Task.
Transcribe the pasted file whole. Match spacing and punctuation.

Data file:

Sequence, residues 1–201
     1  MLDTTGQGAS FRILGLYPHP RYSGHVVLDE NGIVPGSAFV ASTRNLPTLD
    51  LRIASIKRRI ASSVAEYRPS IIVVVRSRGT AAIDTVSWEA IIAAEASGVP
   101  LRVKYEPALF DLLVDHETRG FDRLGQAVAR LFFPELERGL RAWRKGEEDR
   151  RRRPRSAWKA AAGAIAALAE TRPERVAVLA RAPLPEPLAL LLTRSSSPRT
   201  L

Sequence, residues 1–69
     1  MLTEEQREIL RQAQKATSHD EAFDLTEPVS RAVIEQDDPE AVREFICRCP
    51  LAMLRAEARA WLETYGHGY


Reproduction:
Sequence, residues 1–201
     1  MLDTTGQGAS FRILGLYPHP RYSGHVVLDE NGIVPGSAFV ASTRNLPTLD
    51  LRIASIKRRI ASSVAEYRPS IIVVVRSRGT AAIDTVSWEA IIAAEASGVP
   101  LRVKYEPALF DLLVDHETRG FDRLGQAVAR LFFPELERGL RAWRKGEEDR
   151  RRRPRSAWKA AAGAIAALAE TRPERVAVLA RAPLPEPLAL LLTRSSSPRT
   201  L

Sequence, residues 1–69
     1  MLTEEQREIL RQAQKATSHD EAFDLTEPVS RAVIEQDDPE AVREFICRCP
    51  LAMLRAEARA WLETYGHGY